Action of physical and chemical agents on microorganisms

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Action of physical and chemical agents on microorganisms

Geoffrey W. Hanlon and Norman A. Hodges

Chapter contents

Key points

• Although microorganisms are increasingly being used in a biotechnology role to manufacture medicines, it is still the case that the major pharmaceutical interest is in killing them, or at least controlling their growth. Consequently, a pharmacist or pharmaceutical scientist needs an understanding of the methods available to kill and remove living organisms from medicines.

• Microorganisms exposed to steam – the most commonly used method of product sterilization – normally die according to first-order kinetics. Parameters such as the D value and Z value describe, respectively, the microbial death rate at a given temperature, and the effect of temperature change on that death rate.

• Steam causes microbial death by hydrolysis of nucleic acids and proteins; it is a far more effective sterilizing agent than dry heat at the same temperature, which kills cells by oxidation of macromolecules.

• Bacterial spores are much more resistant to heat than vegetative bacteria, fungi or viruses.

• The measured heat resistance of a microorganism may be influenced substantially by the age of the cells, and by the pH, redox potential, water activity and chemical composition of the media in which they were grown and tested, so all of these factors need to be carefully controlled when heat resistance is measured.

• There is no such thing as an ideal biocide and each class of compound has its advantages and disadvantages. Knowledge of their structure and physicochemical properties is required in order to make informed judgements on the appropriate use of these agents.

• Biocides may be used as disinfectants, antiseptics or preservatives depending upon their activity and toxicity profile. These roles are quite different from each other and so it is important to understand what is required of the biocide in a formulation.

• Biocides will interact with excipients within a formulation and also with the packaging components of the product. The choice of biocide for inclusion in a product must therefore form part of the original formulation process and not just be an add-on at the end.

Introduction

The subject of this chapter is of importance because pharmaceutical scientists have a responsibility for:

Thus, the major pharmaceutical interest in microorganisms is that of killing them, or at least preventing their growth. Consequently it is necessary to have both an understanding of the physical processes, e.g. heating and irradiation that are used to kill microorganisms and a knowledge of the more diverse subject of antimicrobial chemicals.

This background knowledge must include an understanding of the kinetics of cell inactivation, the calculation of parameters by which microbial destruction and growth inhibition are measured, and an appreciation of the factors that influence the efficiency of the physical and chemical processes used. These aspects, together with a synopsis of the major groups of antimicrobial chemicals, are the subject of this chapter.

Kinetics of cell inactivation

The death of a population of cells exposed to heat or radiation is often found to follow or approximate to first-order kinetics. In this sense, it is similar to bacterial growth during the logarithmic phase of the cycle, the graphs representing these processes being similar but of opposite slope. Assuming first-order kinetics (the exceptions will be considered later), an initial population of No cells per mL will, after a time t minutes, be reduced to Nt cells per mL, according to the following equations in which k is the inactivation rate constant:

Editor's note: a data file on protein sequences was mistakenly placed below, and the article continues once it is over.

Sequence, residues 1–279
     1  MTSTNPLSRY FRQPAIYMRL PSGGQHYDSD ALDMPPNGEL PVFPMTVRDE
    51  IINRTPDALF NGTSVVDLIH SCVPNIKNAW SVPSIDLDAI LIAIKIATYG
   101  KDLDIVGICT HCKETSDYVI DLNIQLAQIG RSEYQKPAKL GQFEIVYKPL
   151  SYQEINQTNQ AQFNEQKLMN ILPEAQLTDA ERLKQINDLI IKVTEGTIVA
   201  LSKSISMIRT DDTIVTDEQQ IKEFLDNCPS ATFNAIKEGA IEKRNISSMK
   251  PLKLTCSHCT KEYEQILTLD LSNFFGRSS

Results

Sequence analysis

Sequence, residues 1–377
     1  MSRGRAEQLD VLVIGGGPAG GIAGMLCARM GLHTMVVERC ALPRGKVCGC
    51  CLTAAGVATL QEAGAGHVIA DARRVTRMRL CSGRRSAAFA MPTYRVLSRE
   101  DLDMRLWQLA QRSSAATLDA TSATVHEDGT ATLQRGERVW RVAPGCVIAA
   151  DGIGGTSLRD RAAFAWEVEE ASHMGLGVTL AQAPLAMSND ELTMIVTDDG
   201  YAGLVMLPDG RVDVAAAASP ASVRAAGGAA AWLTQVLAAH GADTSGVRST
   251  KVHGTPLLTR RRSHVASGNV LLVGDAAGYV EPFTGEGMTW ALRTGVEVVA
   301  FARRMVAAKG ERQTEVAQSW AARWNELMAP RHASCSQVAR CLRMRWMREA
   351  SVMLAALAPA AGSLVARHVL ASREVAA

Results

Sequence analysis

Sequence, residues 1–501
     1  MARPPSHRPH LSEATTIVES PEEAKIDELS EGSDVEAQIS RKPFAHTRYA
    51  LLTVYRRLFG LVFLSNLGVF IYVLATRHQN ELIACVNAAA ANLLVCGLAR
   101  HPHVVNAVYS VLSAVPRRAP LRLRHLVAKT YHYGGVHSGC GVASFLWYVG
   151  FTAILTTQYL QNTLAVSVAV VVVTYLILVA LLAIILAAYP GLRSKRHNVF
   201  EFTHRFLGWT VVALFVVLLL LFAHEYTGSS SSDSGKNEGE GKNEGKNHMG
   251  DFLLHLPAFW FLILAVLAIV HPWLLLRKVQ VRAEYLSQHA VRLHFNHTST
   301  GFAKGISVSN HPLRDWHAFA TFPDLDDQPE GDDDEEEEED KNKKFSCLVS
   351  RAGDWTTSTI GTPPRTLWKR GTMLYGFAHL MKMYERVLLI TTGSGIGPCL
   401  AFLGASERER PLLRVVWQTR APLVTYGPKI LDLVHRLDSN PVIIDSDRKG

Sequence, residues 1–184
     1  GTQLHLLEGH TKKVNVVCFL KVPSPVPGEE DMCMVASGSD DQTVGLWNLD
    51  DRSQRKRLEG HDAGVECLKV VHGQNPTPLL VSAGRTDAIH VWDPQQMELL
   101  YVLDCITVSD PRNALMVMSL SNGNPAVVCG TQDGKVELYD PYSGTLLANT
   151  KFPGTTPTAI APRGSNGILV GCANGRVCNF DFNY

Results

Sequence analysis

image (15.1)

image (15.2)

image (15.3)

Thus, the data in Table 15.1 may be used to produce a plot of logarithm of cell concentration against exposure time (Fig. 15.1), where the intercept is log No and the slope is −k/2.303. This may be plotted with the logarithm of the percentage of survivors as the ordinate; thus the largest numerical value on this axis is 2.0 (100%). An important feature of Figure 15.1 is the fact that there is no lower endpoint to the ordinate scale – it continues indefinitely. If the initial population was 1000 cells mL−1 the logarithmic value would be 3.0; at 100 cells mL−1 the value would be 2.0; at 10 cells mL−1 1.0, and at 1 cell mL−1 zero. The next incremental point on the logarithmic scale would be −1, which corresponds to 0.1 cells mL−1. It is clearly nonsense to talk of a fraction of a viable cell per mL but this value corresponds to one whole cell in 10 mL of liquid. The next point, −2.0, corresponds to one cell in 100 mL, and so on. Sterility is the complete absence of life, i.e. zero cells mL−1, which has a log value of −∞. Guaranteed sterility would therefore require an infinite exposure time.

D value, or decimal reduction time

It is characteristic of first-order kinetics that the same percentage change in concentration occurs in successive time intervals. Thus in Figure 15.1 it can be seen that the viable population falls to 10% of its initial value after 7.5 minutes; in the next 7.5-minute period the population again falls to 10% of its value at the start of that period. This time period for a 90% reduction in count is related to the slope of the line and is one of the more useful parameters by which the death rate may be indicated. It is known as the decimal reduction time, or D value, and usually has a subscript showing the temperature at which it was measured, e.g. D121 or D134. It is quite possible to indicate the rate of destruction by the inactivation rate constant calculated from the slope of the line but the significance of this value cannot be as readily appreciated during conversation as that of a D value, and so the former is rarely used.

Z values